[AR 462, 564]. However, her most recent bloodwork labs have
all demonstrated normal baselines of TSH/FT3/FT4 and an
ultrasound showed only mild enlargement of the thyroid, which
do not represent a true diagnosis of hypothyroidism. [AR 468,
564]. Also, on April 30, 2014, Ms. Poole elected to stop
taking her hypertension medication. [AR 446]. Despite her
high blood pressure, Dr. Batra noted that she did not have
any hypertensive risk factors or target end organ damage.
and August 2014, Ms. Poole visited two different emergency
care centers with complaints of low back and left hip pain.
[AR 542, 689]. Both times her doctors gave her Percocet and
ordered x-rays of her left hip and lumbosacral spine.
[Id.] Her left hip x-ray demonstrated
“moderate to severe degenerative changes in the
hip” but no apparent fractures or malalignment. [AR
543]. The x-ray of her lumbar spine showed mild degenerative
dislocations, foraminal narrowing, and a bulging disc on her
S1 nerve. [AR 546].
August 7, 2014, Ms. Poole first visited the Hidden Lake
Medical Offices to address her chronic back pain. [AR 560].
There, Dr. Emily Merrick noted Ms. Poole had full ROM,
negative straight leg raising tests, and her lower extremity
strength was rated a 5/5. [AR 561]. Though her left lower
back and left hip were tender, the doctor opined that Ms.
Poole appeared to be in no pain and she should stop taking
Percocet. [Id.] Ms. Poole saw Dr. Janisse Rears four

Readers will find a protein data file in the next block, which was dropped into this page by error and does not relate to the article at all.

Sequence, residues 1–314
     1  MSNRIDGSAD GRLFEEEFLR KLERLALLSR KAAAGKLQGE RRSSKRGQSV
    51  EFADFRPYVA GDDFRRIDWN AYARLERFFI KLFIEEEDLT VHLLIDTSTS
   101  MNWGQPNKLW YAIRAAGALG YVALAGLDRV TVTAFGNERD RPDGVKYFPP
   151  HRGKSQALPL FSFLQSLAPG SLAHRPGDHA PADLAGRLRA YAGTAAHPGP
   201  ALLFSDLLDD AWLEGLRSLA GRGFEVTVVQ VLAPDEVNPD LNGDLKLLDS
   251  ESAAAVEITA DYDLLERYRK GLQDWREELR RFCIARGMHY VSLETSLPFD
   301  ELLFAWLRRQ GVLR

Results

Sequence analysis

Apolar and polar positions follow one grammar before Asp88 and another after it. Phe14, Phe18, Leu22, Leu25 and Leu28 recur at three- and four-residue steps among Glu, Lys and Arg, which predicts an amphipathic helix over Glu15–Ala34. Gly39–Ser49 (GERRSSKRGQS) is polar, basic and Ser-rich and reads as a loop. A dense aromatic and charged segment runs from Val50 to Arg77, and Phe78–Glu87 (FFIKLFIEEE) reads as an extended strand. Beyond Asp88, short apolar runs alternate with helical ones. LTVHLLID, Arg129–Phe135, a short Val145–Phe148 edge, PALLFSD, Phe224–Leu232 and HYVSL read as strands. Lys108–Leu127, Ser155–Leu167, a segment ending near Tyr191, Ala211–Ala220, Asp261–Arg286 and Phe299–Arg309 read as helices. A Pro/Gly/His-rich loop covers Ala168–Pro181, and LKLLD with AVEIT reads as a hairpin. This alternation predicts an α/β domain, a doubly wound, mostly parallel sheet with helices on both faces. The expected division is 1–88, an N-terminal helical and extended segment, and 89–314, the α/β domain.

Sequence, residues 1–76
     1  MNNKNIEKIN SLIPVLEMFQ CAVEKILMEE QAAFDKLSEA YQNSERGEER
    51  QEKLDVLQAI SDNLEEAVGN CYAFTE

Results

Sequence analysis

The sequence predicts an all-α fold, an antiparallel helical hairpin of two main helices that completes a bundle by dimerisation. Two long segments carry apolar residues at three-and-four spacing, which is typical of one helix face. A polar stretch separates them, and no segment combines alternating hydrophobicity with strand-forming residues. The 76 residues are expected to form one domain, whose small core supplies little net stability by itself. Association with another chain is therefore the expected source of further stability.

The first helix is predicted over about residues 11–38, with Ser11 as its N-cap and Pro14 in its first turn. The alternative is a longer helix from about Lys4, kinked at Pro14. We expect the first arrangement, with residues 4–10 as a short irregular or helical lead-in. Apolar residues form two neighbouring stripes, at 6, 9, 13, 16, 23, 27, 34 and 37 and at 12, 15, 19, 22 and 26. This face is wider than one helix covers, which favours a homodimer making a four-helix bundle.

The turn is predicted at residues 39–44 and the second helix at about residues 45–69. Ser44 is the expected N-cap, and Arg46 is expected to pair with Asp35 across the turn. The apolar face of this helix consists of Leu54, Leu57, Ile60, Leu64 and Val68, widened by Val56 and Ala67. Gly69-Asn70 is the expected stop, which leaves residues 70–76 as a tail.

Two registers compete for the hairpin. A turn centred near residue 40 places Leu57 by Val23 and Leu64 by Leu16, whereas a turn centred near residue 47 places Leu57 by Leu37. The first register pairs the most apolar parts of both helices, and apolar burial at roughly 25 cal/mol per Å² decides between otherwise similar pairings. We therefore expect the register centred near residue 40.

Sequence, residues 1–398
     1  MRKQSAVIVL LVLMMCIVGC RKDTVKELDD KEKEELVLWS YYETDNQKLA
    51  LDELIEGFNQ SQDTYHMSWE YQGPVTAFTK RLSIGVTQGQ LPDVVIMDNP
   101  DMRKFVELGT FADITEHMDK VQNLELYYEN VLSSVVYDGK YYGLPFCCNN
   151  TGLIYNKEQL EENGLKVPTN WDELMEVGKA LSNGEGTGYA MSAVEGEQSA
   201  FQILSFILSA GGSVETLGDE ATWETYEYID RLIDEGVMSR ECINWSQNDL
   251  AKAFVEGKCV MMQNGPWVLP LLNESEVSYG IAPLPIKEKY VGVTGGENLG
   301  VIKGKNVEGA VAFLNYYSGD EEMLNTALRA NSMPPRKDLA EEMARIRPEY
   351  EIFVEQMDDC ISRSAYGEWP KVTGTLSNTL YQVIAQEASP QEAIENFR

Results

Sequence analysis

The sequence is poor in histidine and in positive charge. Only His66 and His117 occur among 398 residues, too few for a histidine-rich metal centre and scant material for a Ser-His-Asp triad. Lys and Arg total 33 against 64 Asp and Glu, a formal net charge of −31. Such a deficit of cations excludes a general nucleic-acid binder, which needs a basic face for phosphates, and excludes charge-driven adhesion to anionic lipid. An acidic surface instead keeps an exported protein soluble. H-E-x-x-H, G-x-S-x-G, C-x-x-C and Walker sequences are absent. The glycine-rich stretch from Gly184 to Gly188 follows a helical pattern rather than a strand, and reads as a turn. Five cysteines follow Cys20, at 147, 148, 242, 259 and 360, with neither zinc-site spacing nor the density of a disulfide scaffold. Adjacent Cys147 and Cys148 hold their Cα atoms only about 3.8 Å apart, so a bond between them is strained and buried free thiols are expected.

days later, who consulted her on chronic pain syndrome and
symptom management. [AR 559]. Dr. Rears offered steroid
injections for her hip pain and recommended increasing
activity by five minutes per week to promote weight loss. [AR
560]. In response, Ms. Poole declined steroid injections and
stated she cannot increase the time she spends exercising.
Poole had her initial visit with Dr. Karen Ksiazek at Exempla
Spine Care on August 26, 2014. [AR 548]. She explained that
after eventually agreeing to a left hip injection, her
average pain level was a five out of ten, with tingling and
numbness in her left leg and stabbing pain in her right
thigh. [AR 548, 550]. She had restricted ROM in her spine and
a positive right leg slump test. [AR 550]. However, her
straight leg raises were negative bilaterally, she had
significant compression of nerve roots, and a normal heel-toe
walk. [AR 550-51]. Dr. Ksiazek recommended physical therapy,
spine and hip injections, and possible orthopedic correction
of her left hip. [AR 549].
Rears submitted a Colorado Department of Human Services Med-9
Form in March 2015. [AR 577]. She opined that Ms. Poole was
“not totally disabled” but had a physical
impairment that would last for six months. [Id.] She
stated that Ms. Poole's chronic lower back pain limited
her to light physical exertion. [Id.]
March 7, 2015, Ms. Poole spent the night in an emergency room
due to chest pain and a racing heart. [AR 742]. Her EKG
results showed an irregular sinus rhythm, but overall she had
no focal neurological deficits, normal ROM, no back pain, and
full (4/4) strength. [AR 744, 758]. Her doctor noted that she
was “a bit melodramatic in describing” her